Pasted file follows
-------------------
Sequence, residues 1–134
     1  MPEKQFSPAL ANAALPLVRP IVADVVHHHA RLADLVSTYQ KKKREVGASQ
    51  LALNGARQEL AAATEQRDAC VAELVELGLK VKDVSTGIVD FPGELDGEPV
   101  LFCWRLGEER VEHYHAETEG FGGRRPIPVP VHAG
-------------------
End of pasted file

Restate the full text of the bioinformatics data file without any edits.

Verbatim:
Sequence, residues 1–134
     1  MPEKQFSPAL ANAALPLVRP IVADVVHHHA RLADLVSTYQ KKKREVGASQ
    51  LALNGARQEL AAATEQRDAC VAELVELGLK VKDVSTGIVD FPGELDGEPV
   101  LFCWRLGEER VEHYHAETEG FGGRRPIPVP VHAG